By Barbara Feder Ostrov, CalMatters
Californians stricken with COVID-19 took the first step in filing more than 5,000 workers’ compensation claims from January through May, according to state data released to CalMatters.
More than 1,000 of those claims were denied, most of them before Gov. Gavin Newsom signed a May 6 executive order extending protections for essential workers infected on the job on or after March 19, the day California’s lockdown order went into effect. The order presumes that essential workers — including nurses, first responders, farmworkers and grocery workers who contracted COVID-19 — were infected on the job, and puts the burden on employers to prove otherwise.
At the same time, overall workers’ compensation claims plummeted during California’s lockdown as workplaces shut down and fewer employees were injured at work. Only 1,098 claims were filed in May, compared with more than 50,000 in January.
While a number of states have extended similar “presumptive eligibility” protections to varying groups of workers – mostly health care workers and first responders – California goes further than many in protecting all essential workers.
Labor groups praised the executive order as protecting workers from a disease that can have severe and lingering effects, while the Chamber of Commerce and other business groups decried it as too expensive for the states’ employers, many already reeling from the state lockdown and economic downturn.
As of Tuesday, more than 10,000 health care workers have been diagnosed with COVID-19; 63 have died. More than half worked in nursing homes.
The new claims data lands as the state’s cases climbed past 119,000 and California Attorney General Xavier Becerra joined 11 other state attorneys general Tuesday in a letter calling on Walmart to better protect its workers and the public from COVID-19. The retailer has been criticized for inadequate sick leave policies and failing to properly sanitize its stores.
It was not clear Wednesday whether Walmart employees in California have filed COVID-related workers comp claims; the state’s workers’ compensation agency does not make most individual claim details public.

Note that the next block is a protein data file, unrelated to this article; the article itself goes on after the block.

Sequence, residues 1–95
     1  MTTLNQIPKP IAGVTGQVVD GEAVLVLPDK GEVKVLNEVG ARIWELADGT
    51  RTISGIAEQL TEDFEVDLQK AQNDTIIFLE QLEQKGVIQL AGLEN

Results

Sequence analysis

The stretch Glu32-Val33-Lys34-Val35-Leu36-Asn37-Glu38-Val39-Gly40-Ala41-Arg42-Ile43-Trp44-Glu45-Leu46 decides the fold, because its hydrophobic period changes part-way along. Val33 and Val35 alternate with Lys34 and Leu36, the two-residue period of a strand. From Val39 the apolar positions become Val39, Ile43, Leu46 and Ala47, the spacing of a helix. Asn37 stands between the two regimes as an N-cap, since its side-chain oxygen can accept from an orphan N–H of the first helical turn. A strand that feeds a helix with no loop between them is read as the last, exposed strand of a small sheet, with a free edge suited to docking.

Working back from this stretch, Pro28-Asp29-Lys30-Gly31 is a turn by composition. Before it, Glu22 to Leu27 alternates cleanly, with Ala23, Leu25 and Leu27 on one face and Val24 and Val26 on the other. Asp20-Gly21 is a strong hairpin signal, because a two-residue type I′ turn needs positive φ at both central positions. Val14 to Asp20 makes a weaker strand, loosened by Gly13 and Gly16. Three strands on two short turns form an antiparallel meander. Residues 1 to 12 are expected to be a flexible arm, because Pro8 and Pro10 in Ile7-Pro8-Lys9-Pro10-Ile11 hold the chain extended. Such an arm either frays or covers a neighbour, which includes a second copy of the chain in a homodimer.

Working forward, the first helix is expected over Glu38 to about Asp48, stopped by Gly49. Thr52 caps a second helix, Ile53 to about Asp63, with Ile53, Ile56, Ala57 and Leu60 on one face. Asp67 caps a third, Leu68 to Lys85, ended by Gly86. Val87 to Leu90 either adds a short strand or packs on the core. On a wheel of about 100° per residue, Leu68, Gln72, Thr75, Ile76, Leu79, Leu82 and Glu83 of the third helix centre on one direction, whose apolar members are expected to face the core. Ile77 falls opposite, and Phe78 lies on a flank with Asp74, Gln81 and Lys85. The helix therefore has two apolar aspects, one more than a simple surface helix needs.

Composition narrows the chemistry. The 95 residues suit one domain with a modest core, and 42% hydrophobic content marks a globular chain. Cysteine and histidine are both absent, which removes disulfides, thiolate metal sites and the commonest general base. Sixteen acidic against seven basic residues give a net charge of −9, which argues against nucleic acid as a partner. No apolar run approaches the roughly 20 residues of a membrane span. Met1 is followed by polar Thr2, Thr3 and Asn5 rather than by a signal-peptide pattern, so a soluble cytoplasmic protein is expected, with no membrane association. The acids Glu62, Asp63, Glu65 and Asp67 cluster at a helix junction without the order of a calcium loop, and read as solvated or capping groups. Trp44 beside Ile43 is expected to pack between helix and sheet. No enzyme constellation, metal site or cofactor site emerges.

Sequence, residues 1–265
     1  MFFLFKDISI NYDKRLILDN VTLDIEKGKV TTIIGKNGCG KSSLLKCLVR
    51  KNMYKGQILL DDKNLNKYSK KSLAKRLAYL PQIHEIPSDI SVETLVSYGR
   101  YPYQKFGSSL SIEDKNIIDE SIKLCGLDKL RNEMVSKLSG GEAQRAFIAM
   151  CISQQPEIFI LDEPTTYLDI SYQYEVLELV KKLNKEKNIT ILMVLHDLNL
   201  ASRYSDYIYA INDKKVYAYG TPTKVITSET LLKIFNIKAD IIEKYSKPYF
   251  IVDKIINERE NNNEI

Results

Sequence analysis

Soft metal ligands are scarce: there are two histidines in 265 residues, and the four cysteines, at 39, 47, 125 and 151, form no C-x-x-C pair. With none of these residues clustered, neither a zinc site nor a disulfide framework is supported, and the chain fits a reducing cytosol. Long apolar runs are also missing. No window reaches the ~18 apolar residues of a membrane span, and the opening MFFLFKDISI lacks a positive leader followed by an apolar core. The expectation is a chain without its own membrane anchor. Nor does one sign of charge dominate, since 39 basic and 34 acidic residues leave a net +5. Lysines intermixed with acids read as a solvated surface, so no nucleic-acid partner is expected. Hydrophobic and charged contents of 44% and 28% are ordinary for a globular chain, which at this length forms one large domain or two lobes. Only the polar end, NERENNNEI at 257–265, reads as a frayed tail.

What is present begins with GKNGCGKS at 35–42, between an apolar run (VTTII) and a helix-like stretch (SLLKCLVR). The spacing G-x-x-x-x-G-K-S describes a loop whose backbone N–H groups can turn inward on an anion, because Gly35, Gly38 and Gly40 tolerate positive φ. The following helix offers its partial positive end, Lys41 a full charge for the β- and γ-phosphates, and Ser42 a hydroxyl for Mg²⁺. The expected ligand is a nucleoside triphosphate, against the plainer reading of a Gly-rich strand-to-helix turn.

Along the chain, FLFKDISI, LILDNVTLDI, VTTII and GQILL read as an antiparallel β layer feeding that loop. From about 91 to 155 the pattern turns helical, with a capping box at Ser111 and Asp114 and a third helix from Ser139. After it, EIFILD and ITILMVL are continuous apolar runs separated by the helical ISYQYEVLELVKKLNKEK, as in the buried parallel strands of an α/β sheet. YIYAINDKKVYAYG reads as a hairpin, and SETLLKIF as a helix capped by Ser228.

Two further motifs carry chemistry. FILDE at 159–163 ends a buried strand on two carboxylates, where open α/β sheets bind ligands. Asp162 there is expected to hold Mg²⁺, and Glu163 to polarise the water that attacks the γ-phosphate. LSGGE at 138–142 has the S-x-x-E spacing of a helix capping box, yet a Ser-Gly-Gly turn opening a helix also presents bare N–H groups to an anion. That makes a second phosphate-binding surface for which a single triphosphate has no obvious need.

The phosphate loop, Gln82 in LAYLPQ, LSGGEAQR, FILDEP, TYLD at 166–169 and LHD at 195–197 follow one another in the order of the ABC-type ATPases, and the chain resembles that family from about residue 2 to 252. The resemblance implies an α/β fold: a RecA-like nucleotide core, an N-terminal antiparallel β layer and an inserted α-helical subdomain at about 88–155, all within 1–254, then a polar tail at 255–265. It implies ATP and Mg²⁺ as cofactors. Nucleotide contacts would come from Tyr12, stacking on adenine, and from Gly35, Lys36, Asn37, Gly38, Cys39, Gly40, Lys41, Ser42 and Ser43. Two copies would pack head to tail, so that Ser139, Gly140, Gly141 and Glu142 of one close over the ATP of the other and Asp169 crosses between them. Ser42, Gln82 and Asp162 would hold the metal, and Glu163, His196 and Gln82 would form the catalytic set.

Analysts originally estimated that California employers and their insurers might face COVID claims of up to $33.6 billion annually but later downgraded that to about $2 billion.
COVID-related claims were denied at a rate of 10 to 60 percent depending on the month. In April, about 13 percent of claims were denied. Under Newsom’s executive order, essential workers, such as nurses or first responders, have to show that they were infected within a certain period after the statewide shutdown began; they also had to be diagnosed by a physician.
Greg Gomez, a Sacramento-based attorney for the Ratto workers’ compensation law firm, said the order has helped his client, a certified nurse assistant who believes he was infected after helping a resident in the senior home where he worked. The Sacramento worker’s case has not yet been decided, Gomez said.
The order “made it a level playing field for people who contract COVID-19 at work,” Gomez said, noting that it has traditionally been difficult for workers to prove they contracted a communicable disease at work rather than out in the community.
Gomez advised essential workers who think they were infected on the job to immediately report it to their employers should they choose to file a claim later. “COVID-19 is such a new disease that some effects aren’t known for weeks afterwards,” Gomez said.
Alex Swedlow, president of the California Workers’ Compensation Institute, a think tank largely funded by workers’ comp insurers and self-insured employers, said that even before Newsom’s order took effect, the majority of COVID claims were approved.
The shortage of diagnostic tests — a significant problem for workers in March and April, when most of the claims were filed — may have contributed to some of the denials, Swedlow said. Other workers may have been denied because they tested negative at a time when some COVID-19 tests have produced false negatives.
An Institute report released earlier this month found that about 41 percent of workers’ comp claims were made by health workers, with another 32 percent by first responders including police and firefighters. Some workers were denied because they worked at home; others because they declined to be tested, according to the report.
Swedlow anticipates that denials may decline as workers get more access to testing and California’s workers’ comp system – created more than a century ago to deal with industrial injuries like broken bones – adjusts to dealing with an entirely new disease.
Steve Appell, who manages a workers’ compensation law firm in Van Nuys and represents workers at their hearings, said that even employees whose COVID claims have been denied may get a second chance because of existing legal precedents.
“These denials would probably be overturned should they go to court,” Appell said.
CalMatters.org is a nonprofit, nonpartisan media venture explaining California policies and politics.